A comparison of the effectiveness of prompting procedures for increasing a visual-motor response within a functional life skill in students who have cortical visual impairment
Farrenkopf, Carol Elizabeth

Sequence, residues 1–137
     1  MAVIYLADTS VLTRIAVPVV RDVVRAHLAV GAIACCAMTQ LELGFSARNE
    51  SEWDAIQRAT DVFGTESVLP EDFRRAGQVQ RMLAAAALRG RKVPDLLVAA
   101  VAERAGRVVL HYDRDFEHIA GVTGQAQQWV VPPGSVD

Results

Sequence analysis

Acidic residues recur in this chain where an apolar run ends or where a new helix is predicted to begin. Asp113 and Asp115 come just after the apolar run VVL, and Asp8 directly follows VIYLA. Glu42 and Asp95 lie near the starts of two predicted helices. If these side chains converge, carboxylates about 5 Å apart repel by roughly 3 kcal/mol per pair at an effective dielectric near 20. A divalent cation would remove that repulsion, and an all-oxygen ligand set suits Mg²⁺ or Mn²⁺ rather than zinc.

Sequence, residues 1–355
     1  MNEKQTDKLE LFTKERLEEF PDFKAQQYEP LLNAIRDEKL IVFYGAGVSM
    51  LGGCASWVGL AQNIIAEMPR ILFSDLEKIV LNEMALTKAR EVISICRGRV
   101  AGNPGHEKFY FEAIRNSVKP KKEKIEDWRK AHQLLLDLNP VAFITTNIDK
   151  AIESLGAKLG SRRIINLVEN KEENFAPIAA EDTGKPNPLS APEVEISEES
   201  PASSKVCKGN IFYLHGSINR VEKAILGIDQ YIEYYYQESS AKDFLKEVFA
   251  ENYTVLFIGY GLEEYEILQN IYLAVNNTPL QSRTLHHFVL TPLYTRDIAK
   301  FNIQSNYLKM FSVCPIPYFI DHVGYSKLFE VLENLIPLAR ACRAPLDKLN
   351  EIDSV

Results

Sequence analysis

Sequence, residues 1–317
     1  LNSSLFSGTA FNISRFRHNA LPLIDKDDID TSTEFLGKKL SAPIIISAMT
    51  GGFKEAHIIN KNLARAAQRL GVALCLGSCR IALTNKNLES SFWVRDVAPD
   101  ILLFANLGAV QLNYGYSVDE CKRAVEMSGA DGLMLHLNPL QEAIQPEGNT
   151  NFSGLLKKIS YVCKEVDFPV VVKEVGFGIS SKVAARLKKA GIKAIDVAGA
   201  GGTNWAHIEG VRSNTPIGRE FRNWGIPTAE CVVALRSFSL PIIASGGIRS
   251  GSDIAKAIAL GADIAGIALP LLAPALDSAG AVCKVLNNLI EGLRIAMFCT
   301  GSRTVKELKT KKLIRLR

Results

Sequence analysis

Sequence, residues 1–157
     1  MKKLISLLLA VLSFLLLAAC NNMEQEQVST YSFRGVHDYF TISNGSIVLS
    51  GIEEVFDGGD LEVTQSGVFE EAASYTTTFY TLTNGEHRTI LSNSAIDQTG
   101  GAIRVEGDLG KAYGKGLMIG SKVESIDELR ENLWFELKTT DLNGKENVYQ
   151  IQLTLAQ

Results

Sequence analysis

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Cortical visual impairment (CVI) is the result of damage to the posterior visual pathways. As a resuh, the visual cortex has difficulty interpreting what the eyes perceive. Years ago, it was believed that children with CVI were blind and that little could be done to improve their vision. The present study demonstrated that adolescents with CVI were able to improve their ability to perform a visual-motor response within a functional skill. A single subject alternating treatments design across two settings (school and home) was used to examine the effectiveness of verbal and physical prompting procedures on the visual-motor responses of four adolescents with CVI. This study consisted of three phases: baseline, intervention (divided into two sub-phases) and maintenance. Each of the subjects received a specific intervention that was relevant to his/her life, included the use of a functional object, took place during an appropriate time of day, and was based on the principles of CVI. All four subjects demonstrated an improvement in their ability to perform a visual-motor response. When compared, the effectiveness of the physical and verbal prompting techniques varied for each subject. Two subjects displayed better visualmotor responses to a functional object when the verbal prompting technique was used, while the physical prompt was more effective for the other two subjects. Subjects 1, 3, and 4 showed a dramatic improvement in visual-motor responses in both the school and in the home, while Subject 2 showed dramatic improvement at home and only marginal improvement at school. The results of this study showed that adolescents with CVI can learn how to see a functional object and then respond to it motorically when the environment and task are designed to meet the unique visual needs of individuals with CVI. Further replication of this study is necessary to increase the generalizability of the results. Replication of this study with a larger sample, older individuals with CVI, younger children with CVI, different prompting procedures, different target behaviors, or within different settings will likely yield interesting results.